Standard Bank Group and the Joint United Nations Programme on HIV/Aids (UNAIDS), have collaborated on education and advocacy initiatives, to maximise results for the Aids response in sub-Saharan Africa. The MOU, which was signed today for an initial two year period, focuses on community and staff initiatives, and centres on the UNAIDS 2015 vision of 'zero new HIV infections, zero discrimination and zero AIDS related deaths'.
The latest UNAIDS report, 'Results', show that the acceleration in the Aids response is producing unprecedented results. According to the report, the number of people accessing HIV treatment increased by 60% between 2009 and 2011. In 5 countries in Southern Africa (Botswana, Namibia, Rwanda, Swaziland and Zambia) more than 80% of people living with HIV who are eligible for treatment are receiving antiretroviral therapy. However, 7 million people still do not have access to life saving treatment which negatively impacts their wellbeing and the socio-economic development of their nations.
Clive Tasker, Head of Corporate Banking International, signed the MOU on behalf of the Standard Bank Group. He noted the decrease in new HIV infections and Aids related deaths in sub-Saharan Africa but cautioned the private sector against complacency. "Healthy staff and communities are high on the agenda for any corporate, especially those operating in developing countries. Without a healthy workforce, economies can't thrive. As the biggest bank in Africa, we believe that we have a role to play in supporting government health objectives. Our partnership with UNAIDS allows us to do so - by working with a respected and influential organisation to educate our staff and communities on prevention and treatment, and remove the stigma of HIV and Aids," he says.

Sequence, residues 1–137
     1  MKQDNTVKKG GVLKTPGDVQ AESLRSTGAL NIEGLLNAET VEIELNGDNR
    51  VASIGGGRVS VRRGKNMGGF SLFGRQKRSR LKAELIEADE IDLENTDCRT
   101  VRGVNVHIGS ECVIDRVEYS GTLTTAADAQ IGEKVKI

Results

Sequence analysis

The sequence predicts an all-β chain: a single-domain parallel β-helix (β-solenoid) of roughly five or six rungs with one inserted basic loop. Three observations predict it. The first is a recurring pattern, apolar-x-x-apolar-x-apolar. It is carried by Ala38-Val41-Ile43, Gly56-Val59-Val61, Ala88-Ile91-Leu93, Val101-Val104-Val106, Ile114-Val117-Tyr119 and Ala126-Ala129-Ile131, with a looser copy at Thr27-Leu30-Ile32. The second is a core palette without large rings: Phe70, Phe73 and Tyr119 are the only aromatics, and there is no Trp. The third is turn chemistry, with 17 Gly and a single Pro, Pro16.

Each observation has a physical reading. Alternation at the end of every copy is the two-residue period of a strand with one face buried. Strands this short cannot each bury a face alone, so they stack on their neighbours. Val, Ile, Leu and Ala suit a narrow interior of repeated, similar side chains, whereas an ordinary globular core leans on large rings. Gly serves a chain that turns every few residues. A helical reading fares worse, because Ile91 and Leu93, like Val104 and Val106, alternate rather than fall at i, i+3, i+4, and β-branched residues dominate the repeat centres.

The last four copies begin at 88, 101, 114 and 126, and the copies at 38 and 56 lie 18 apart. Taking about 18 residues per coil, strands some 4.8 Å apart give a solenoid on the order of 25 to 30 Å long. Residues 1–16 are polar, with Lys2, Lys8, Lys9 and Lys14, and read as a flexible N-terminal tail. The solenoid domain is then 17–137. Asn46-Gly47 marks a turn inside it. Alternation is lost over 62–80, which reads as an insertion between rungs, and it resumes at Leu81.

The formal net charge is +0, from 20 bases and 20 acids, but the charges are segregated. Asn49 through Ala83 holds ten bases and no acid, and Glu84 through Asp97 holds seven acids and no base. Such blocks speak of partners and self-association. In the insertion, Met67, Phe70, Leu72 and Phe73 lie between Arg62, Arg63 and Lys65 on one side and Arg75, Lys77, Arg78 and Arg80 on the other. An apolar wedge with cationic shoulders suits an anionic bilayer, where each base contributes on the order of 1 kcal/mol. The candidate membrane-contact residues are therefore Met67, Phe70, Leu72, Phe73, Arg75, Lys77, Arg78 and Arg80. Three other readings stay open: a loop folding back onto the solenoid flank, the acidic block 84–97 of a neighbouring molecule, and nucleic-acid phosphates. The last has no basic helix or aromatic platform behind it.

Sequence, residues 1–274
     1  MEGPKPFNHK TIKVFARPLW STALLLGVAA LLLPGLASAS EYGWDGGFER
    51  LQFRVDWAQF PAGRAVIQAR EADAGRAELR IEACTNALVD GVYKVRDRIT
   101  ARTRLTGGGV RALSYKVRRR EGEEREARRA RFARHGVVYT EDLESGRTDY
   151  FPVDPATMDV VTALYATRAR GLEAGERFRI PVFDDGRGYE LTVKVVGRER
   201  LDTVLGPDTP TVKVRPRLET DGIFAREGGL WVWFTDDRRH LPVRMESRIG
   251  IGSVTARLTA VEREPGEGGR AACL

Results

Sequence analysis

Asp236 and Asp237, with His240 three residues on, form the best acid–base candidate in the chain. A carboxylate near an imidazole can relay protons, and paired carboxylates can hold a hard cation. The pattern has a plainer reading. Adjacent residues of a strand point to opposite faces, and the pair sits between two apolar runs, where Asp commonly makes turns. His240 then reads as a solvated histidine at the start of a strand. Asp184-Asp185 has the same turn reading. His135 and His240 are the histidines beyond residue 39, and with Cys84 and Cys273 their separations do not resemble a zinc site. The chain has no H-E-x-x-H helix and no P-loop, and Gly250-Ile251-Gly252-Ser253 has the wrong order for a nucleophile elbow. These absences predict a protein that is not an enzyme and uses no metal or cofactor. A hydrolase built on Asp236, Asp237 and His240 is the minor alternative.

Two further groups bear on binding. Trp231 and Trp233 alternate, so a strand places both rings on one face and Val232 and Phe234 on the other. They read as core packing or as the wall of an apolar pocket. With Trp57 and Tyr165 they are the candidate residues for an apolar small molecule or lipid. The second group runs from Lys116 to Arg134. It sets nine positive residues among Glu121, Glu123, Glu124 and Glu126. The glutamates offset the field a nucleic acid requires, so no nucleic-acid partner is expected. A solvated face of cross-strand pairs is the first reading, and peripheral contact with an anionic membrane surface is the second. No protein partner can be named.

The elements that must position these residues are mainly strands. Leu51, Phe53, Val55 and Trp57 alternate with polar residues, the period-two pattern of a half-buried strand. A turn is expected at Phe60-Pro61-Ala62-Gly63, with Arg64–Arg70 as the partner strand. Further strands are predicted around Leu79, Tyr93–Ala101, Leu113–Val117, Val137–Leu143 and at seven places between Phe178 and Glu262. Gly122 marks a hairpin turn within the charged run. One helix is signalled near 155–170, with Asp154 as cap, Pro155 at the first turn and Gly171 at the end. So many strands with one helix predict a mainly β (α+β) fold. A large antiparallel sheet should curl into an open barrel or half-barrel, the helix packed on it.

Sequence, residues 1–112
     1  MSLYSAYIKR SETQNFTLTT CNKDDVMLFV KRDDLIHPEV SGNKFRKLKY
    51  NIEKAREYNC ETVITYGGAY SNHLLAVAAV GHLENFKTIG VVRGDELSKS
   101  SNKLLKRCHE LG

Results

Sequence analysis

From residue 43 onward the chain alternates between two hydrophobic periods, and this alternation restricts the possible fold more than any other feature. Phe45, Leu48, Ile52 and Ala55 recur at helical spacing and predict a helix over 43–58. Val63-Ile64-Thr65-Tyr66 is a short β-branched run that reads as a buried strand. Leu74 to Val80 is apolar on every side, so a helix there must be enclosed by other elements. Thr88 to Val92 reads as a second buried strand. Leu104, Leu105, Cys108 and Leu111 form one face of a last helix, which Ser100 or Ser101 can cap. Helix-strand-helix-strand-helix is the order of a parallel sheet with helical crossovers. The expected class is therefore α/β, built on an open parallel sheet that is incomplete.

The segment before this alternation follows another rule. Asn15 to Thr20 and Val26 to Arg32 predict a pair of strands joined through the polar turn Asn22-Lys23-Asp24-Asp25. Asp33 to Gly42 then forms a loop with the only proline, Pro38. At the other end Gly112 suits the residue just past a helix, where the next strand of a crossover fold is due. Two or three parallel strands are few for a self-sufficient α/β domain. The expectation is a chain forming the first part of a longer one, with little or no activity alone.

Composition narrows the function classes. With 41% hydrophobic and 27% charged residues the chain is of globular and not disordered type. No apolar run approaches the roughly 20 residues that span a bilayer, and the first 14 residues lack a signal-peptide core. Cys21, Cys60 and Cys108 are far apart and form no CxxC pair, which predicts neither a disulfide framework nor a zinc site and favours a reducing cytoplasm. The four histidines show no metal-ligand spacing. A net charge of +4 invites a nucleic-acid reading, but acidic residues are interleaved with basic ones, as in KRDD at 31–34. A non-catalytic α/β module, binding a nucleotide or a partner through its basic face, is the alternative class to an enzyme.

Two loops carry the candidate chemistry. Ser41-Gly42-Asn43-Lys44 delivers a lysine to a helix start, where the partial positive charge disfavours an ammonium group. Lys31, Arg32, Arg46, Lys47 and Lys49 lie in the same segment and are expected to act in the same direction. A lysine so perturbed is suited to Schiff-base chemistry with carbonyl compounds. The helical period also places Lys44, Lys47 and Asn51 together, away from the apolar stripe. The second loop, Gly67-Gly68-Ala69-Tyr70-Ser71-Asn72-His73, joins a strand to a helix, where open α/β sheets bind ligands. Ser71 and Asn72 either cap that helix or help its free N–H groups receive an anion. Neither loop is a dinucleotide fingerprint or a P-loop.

"Employers play a critical role in the Aids response. UNAIDS is committed to bringing the knowledge, solid experience and commitment of the private sector to the Aids response," said Professor Sheila Tlou, Director of the UNAIDS Regional Support Team for Eastern and Southern Africa. "The signing of the MOU with the Standard Bank Group will allow us to strengthen this commitment through a partnership with an organisation that is represented in 18 countries on the African continent."
UNAIDS and Standard Bank are already involved in a partnership in South Africa, which is built on the UNAIDS 'Getting to Zero' campaign. In 2012, Standard Bank piloted 'Project 90/90', an initiative which aims to provide 90% of all staff with comprehensive health assessments annually. A typical 90/90 health assessment includes tests that check sugar levels, blood pressure, cholesterol and HIV status.
"If a staff member is at risk for any disease, it is our goal to get 90% of those staff onto a proper treatment programme. Over the six month pilot run in Gauteng province in South Africa, 6 500 staff underwent a 90/90 health assessment. Of those, approximately 65% took an HIV test. We believe that by including an HIV test in a broad health assessment, we are starting to lessen discrimination - one of the key objectives of the UNAIDS 'zero' campaign," said Dr Wendy Orr, Head of Inclusion at Standard Bank Group. "Following the success of our pilot, it is our intention to scale up the number of tests we do so that by 2015 all staff across the group will be receiving 90/90 screenings annually."
In addition to 90/90, Standard Bank remains committed to its 'wellness champion' programme. "Wellness champions are peer educators who do amazing education and advocacy work within our organisation and in the communities we serve. Our wellness champions need access to quality healthcare information. Our partnership with UNAIDS has been invaluable for the work that our wellness champions do," says Orr. "They will continue to be crucial to our success as we extend our focus to the Standard Bank Group more broadly."
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